The almost military levels of secrecy surrounding the Asia-Pacific reveal of the new Rolls-Royce Phantom is impressive.
Before being ushered to a velvet curtain-lined ballroom in a Tokyo hotel, I was made to sign non-disclosure agreements, had tamper-evident stickers placed over my phone’s camera ports and instructed not to tell anyone I was in Tokyo for the purpose of the eighth-generation limousine’s launch.
The reason for Rolls-Royce’s secrecy is understandable – my companions and I would be among the first journalists in the world to see it, with its global media reveal only happening some 17 hours later in London.
The Phantom VIII is a hugely important car for the British carmaker, even more so than the upcoming Cullinan SUV. While that “high-sided vehicle” (Rolls-Royce is loath to calling it an SUV) is more than likely to be a bestseller, the Phantom is a symbol of what Rolls-Royce is, because any self-respecting ultra-luxury carmaker is always judged by its limousines.
As for this particular limousine, it’s almost infinitely customisable. Exterior paint, interior upholstery and features (champagne chillers, TV screens and the like) are all on the cards.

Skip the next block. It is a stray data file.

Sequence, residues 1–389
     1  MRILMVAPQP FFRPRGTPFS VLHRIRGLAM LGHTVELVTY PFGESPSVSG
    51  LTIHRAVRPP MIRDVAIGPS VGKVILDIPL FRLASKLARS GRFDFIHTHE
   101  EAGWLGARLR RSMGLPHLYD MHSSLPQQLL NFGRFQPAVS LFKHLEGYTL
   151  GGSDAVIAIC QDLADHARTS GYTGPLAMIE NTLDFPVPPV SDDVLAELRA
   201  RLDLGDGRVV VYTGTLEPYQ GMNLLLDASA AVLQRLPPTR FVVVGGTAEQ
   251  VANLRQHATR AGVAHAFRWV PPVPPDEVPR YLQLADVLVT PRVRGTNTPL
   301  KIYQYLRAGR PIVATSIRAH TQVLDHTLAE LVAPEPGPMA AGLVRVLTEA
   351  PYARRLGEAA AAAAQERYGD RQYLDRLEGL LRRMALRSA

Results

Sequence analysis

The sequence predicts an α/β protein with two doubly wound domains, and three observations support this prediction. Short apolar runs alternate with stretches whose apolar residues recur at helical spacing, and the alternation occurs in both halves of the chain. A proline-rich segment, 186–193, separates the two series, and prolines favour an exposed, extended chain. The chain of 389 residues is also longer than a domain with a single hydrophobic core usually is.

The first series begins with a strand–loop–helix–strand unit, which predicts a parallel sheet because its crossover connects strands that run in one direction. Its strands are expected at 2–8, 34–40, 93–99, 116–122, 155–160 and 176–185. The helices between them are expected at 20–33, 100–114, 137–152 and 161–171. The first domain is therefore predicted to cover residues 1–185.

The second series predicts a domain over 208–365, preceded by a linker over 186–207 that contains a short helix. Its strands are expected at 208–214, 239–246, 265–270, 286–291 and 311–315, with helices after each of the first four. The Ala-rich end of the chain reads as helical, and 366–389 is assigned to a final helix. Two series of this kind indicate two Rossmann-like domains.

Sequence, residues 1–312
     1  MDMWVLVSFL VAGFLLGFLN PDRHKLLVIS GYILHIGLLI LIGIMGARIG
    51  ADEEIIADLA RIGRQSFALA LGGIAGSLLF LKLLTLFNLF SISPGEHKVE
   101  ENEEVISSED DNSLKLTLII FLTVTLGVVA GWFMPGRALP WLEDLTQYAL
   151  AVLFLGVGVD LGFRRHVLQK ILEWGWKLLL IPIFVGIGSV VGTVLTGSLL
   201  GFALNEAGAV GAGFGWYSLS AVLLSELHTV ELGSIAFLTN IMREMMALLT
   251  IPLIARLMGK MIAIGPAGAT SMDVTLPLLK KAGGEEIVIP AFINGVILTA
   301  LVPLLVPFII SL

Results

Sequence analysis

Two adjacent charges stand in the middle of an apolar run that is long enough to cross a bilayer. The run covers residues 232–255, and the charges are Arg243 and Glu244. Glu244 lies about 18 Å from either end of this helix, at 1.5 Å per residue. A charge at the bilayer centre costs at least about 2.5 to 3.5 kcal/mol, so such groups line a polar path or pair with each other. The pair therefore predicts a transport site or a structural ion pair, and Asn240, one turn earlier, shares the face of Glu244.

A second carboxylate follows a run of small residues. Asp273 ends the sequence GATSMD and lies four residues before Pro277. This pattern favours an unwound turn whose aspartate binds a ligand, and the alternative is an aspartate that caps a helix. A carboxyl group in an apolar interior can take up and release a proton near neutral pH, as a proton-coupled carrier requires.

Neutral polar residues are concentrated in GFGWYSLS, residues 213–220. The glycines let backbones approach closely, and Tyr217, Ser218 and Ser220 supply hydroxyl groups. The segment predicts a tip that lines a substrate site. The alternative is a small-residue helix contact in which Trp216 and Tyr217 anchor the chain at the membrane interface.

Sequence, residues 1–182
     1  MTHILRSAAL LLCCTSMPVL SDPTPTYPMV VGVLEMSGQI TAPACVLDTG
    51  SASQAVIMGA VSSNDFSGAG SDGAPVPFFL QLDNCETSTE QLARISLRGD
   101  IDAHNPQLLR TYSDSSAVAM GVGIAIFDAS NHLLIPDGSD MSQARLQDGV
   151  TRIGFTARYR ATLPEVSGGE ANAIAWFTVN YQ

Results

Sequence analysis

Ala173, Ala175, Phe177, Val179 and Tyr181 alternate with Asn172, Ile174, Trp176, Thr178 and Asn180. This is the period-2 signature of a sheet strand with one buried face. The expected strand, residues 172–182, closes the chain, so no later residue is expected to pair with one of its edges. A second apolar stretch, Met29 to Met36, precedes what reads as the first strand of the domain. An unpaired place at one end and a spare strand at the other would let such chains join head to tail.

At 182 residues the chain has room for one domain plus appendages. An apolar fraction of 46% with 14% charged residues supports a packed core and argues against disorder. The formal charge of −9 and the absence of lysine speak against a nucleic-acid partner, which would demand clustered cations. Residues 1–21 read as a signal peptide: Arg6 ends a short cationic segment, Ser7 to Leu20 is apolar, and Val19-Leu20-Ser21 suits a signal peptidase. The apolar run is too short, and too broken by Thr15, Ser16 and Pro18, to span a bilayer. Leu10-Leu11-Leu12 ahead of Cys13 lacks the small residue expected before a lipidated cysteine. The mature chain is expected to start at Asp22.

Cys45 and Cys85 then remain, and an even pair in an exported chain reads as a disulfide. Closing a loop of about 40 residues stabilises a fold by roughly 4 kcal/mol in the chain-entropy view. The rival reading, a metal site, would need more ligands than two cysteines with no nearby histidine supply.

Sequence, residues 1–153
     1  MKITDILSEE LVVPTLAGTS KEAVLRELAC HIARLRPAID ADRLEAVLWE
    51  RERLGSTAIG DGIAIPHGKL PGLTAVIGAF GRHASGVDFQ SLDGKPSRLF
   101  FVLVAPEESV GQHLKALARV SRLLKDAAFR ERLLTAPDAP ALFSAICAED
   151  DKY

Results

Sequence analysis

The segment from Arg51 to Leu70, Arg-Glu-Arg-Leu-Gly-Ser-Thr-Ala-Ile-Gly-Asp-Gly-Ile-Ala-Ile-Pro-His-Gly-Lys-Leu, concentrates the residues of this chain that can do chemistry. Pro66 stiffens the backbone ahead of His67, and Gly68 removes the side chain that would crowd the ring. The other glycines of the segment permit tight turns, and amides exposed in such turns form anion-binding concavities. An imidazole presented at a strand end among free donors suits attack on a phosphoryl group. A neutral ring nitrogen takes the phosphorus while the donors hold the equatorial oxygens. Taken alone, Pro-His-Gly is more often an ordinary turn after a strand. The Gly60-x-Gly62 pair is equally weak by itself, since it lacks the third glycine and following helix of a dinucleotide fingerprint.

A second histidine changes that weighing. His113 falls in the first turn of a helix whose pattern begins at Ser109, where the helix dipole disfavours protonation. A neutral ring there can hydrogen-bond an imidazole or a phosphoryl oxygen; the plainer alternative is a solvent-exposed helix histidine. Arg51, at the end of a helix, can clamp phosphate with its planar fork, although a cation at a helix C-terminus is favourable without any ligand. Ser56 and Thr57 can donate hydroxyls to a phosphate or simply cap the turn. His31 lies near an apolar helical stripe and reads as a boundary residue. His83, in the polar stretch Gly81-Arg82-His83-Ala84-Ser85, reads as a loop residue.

But the centrepiece of the new Phantom has to be its dashboard, or as Rolls-Royce brands it, the Gallery.
As its name implies, owners can commission a piece of 3D art on the fascia. During the closed-door viewing, Rolls-Royce showcased several examples of what can be done. There was the traditional, taking the form of a cluster of porcelain roses, and the ultra-modern, with a 3D-printed strip of metal and gold depicting the owner’s DNA sequence.
The resulting pieces displayed extreme levels of intricacy, but also amazing is the glass panel protecting the art. Whether it’s down to the panel’s curvature or its anti-reflective coating is uncertain, but it conspires to give the impression there’s no panel there at all.
It might invite the less aware (ie, myself) to reach out and touch it, only to have your questing fingers mysteriously halted by a near-invisible glass monolith.
It might seem incredibly mean to talk about a mere piece of glass in light of the opulence of what’s in the Gallery, or indeed, the Phantom itself. However, the sort of attention lavished on something as insignificant as that is proof that when Rolls-Royce calls the new Phantom “the world’s foremost luxury product”, it fully intends to live up to that claim.